Much of the success we have with seizure disorders is a combination of the myofascial and unwinding components of craniosacral therapy. Often the children will replicate positions of how they were stuck prior to delivery or in the womb and by patiently holding the child in these positions, releases occur which allow the musculature to relax thus relieving the build-up of electrical excitement from the nervous system into the brain. The CST work can be quite involved and take some time.

Parents, it is of utmost importance that you understand that as the child is receiving the CST work, they will often experience more frequent and severe seizures, albeit, for short periods of time after their sessions. It is very common that children will often appear to go backward in their developmental processes to get hold of a new piece, bringing it forward so they can then integrate it into where they are now. Also, parents who bring their children in already on seizure medications will see the results take a little longer and be a bit slower as we never interfere with the doctor's/parents medical intervention, however, be aware that medication is designed to suppress seizures whereas the CST is designed to elicit seizures so that they may come up and discharge from the nervous system. Our goal is to rid the body of seizures.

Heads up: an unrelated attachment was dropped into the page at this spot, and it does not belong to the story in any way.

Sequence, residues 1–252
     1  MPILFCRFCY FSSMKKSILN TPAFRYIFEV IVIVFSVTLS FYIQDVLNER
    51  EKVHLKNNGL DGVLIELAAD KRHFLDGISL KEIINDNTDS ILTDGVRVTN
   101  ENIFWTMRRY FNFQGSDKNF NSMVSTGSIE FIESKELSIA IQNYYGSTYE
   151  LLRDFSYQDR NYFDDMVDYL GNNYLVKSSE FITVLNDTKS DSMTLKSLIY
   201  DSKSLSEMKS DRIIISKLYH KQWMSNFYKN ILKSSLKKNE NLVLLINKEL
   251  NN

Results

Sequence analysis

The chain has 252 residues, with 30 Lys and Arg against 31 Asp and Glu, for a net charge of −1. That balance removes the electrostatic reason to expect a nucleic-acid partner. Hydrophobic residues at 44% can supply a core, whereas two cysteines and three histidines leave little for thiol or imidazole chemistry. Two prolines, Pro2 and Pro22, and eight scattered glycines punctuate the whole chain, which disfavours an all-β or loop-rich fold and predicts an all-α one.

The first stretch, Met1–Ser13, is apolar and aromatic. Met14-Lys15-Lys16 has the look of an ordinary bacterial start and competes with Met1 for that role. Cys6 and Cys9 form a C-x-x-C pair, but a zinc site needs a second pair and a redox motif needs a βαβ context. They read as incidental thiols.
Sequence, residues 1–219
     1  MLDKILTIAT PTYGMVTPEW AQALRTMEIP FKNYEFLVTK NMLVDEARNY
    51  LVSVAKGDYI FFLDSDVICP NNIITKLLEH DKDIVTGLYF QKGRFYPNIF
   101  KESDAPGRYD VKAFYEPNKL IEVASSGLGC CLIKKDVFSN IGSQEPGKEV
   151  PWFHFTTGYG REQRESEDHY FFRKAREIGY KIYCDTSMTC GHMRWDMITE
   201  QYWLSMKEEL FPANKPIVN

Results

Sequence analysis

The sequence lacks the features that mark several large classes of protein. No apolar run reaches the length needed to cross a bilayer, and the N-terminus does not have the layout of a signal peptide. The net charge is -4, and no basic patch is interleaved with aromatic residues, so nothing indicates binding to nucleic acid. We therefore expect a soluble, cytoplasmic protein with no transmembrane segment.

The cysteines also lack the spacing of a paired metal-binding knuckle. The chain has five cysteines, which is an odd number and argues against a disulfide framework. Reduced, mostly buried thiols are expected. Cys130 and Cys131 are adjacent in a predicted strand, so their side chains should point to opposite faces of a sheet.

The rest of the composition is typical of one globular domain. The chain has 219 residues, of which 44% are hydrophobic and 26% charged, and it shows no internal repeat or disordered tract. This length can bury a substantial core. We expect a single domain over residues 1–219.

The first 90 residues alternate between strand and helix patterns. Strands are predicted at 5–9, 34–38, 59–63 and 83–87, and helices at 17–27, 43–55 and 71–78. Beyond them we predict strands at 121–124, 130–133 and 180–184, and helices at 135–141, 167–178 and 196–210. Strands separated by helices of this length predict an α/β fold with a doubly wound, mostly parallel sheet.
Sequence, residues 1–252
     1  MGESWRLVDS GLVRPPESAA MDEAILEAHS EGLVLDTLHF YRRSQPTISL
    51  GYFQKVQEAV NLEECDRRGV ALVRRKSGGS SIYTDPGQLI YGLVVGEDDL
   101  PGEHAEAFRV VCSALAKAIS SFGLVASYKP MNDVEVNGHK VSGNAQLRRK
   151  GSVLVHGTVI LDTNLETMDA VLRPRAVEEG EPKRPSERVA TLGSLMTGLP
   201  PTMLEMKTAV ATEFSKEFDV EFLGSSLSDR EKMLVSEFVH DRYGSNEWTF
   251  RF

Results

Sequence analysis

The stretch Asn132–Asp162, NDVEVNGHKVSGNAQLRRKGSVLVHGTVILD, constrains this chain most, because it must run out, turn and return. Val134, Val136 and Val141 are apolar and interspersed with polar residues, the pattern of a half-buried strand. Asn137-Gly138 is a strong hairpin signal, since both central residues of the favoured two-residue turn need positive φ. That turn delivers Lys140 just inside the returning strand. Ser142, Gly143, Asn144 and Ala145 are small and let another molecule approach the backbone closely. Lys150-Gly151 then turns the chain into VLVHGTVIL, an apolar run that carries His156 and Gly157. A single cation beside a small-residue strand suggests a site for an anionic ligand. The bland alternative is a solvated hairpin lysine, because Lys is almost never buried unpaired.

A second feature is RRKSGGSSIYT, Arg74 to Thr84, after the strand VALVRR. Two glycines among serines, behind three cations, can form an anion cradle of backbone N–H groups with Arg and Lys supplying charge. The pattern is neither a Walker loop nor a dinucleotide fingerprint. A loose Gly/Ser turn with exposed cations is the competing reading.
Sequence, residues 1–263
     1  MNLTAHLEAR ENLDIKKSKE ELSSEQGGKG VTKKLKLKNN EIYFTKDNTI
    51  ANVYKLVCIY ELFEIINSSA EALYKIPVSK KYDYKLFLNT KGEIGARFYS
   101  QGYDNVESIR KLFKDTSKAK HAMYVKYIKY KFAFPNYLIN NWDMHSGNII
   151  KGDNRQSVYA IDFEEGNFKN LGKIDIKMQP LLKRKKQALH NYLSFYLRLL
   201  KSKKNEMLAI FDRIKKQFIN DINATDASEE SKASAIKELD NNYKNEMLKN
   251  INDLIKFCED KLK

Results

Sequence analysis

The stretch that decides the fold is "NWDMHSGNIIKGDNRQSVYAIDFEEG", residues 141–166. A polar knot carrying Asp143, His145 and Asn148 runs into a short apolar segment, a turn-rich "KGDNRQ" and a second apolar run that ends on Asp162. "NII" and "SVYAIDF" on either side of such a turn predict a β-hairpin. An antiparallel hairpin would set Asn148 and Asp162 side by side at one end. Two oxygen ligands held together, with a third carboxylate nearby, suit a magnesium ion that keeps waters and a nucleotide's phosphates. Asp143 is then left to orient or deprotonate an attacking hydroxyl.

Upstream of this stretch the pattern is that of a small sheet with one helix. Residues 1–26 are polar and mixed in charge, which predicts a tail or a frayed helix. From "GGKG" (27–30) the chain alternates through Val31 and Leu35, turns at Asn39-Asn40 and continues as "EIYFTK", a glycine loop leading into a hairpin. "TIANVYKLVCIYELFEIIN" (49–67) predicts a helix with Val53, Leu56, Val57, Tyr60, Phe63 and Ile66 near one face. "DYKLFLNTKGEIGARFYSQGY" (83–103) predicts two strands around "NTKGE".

8) A note to dads, fathers, and men in general- read this!